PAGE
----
I'd have preferred Shadow People 

Cuz back UP ran Jonathan with our 1988 fire-engine-red flame extinguisher, mumbling the words, "GRRR--lammickFLAME-furbabblefuck.”

He returned with massive blisters held in check by bags of frozen peas.

The handles for temperature control melted right off our ex-grille. 

It is a good thing we had the Weber Millenium Falcon constructed days after the nuclear holocaust of our ex grille...   so we could enjoy newly-endless days of Grill Free Life until we find a Truck Family that loves us.


Family? Neighbors? Ski-Pals?  Work-Mates? Pat?? Therese?  Christopher?  Rent-A-Truck????  

. . . we can no longer FEED ourselves ...  because we cannot transport our Grill-Furbabble Maximus-Love-Falcon-Ex-Caliber-from-Walmart to our home because the grill is larger than our house.  


Friday, April 24, 2015

All Creatures Great And Small...

You’d have thought I had learned to keep my phone at-the-ready for our next April Vacation Adventure, but no. My next undocumented jaunt involved Bardeau The Cat and it began early Tuesday at Happy Pelts Day Spa. Our friends Lauren and Paul have a similarly-styled cat as our Bardeau, and they have him regularly fashioned at Happy Pelts. Their Facebook avatar depicts one happy feline, frolicking about in his own sculpted fur, looking chic to the point of snooty. I wanted our cat to feel similarly superior, so I booked him a grooming appointment at Happy Pelts.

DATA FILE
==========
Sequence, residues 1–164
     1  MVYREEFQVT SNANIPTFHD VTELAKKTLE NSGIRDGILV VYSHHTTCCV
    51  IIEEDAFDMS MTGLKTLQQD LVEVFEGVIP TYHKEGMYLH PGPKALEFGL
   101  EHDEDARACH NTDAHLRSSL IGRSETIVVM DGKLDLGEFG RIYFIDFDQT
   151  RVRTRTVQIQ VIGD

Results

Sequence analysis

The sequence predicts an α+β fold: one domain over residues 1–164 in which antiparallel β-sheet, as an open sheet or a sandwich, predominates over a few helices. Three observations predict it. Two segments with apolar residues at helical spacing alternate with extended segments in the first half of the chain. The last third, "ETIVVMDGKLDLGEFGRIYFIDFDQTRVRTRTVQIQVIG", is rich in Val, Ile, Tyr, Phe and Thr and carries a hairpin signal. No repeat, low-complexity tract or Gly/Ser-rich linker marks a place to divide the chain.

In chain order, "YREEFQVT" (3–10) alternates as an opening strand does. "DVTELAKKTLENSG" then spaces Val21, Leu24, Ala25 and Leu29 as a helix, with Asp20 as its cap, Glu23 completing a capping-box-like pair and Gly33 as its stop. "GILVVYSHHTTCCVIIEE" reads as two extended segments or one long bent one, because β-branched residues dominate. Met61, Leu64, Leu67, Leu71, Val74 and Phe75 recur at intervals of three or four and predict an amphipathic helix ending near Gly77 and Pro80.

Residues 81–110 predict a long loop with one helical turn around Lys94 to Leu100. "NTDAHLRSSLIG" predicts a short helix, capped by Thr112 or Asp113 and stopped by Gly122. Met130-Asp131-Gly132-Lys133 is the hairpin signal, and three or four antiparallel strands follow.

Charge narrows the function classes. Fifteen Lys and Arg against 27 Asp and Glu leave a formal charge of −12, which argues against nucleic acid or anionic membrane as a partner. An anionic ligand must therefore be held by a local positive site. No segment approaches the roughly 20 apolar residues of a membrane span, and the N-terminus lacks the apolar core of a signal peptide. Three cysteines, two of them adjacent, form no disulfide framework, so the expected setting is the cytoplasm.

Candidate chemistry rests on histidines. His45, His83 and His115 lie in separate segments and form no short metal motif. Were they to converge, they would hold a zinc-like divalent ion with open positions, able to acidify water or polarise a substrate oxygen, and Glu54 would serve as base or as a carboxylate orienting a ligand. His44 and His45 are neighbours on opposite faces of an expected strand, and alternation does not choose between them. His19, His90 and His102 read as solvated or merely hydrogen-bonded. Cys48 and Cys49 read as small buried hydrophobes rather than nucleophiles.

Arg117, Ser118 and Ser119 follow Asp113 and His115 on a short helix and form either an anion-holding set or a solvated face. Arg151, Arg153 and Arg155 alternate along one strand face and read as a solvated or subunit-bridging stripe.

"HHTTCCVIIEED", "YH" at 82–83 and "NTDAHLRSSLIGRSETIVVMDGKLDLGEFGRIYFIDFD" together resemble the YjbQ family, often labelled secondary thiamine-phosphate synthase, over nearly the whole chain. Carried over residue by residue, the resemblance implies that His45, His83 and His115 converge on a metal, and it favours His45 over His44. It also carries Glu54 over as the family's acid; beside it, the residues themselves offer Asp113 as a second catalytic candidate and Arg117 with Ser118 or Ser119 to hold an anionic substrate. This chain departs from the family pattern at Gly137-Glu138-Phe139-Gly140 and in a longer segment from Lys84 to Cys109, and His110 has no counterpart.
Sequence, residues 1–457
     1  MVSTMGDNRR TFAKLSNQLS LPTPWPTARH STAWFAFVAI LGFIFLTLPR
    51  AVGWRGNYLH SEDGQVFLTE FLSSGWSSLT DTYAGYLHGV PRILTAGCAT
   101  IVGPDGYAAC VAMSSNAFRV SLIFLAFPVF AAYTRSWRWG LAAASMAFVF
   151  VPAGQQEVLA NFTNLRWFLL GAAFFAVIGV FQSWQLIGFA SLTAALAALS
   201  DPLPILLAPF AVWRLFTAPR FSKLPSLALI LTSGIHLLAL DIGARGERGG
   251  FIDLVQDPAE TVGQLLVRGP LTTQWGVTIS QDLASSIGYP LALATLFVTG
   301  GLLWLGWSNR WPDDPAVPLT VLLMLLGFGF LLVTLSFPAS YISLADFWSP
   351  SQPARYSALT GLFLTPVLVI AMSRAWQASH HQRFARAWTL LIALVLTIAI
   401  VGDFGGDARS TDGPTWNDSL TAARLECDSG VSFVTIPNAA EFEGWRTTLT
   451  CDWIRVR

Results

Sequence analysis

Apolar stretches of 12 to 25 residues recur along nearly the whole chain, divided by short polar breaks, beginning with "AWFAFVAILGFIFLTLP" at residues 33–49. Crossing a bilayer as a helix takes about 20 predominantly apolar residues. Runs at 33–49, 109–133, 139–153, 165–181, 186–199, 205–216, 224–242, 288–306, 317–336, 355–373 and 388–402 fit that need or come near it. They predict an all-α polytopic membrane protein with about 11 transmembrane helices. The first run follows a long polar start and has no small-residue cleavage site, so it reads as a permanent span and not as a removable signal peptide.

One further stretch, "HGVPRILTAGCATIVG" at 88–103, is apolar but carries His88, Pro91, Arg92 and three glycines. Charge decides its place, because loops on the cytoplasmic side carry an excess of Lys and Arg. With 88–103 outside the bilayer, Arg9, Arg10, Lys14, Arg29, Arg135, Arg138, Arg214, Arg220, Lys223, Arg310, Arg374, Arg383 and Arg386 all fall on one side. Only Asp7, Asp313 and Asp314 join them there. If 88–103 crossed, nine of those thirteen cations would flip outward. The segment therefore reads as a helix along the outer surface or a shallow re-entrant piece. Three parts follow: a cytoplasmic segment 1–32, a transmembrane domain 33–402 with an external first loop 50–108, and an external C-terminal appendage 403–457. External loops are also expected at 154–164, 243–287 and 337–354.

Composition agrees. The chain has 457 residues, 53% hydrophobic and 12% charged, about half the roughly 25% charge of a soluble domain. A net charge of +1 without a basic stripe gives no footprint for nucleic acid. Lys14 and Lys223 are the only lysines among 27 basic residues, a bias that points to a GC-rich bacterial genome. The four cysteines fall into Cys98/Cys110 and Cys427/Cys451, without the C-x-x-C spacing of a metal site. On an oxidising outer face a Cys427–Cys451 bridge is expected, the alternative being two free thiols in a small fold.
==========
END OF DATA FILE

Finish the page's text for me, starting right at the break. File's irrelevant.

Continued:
Except I did not know it was a Multi-Species grooming facility.  They service all creatures great and small, which should be their name. You can bring in tropical fish to have them de-scaled. Or add fur to lizards for winter. 

I erroneously assumed it was a cat-exclusive spa when their receptionist said to me on the phone, "Drop off is between 9 and 10 am, so we have the whole morning to massage, pet, and talk to the cats.  We play them music in rooms infused with essential oils.  All of this LONG before the more traumatic parts where we brush, bathe and barette them."

We wouldn't have exposed Bardeau to Tuesday’s antithesis of massage and soothing chats, if we had known he was to be honked and moo'd at as we transported him through the waiting room.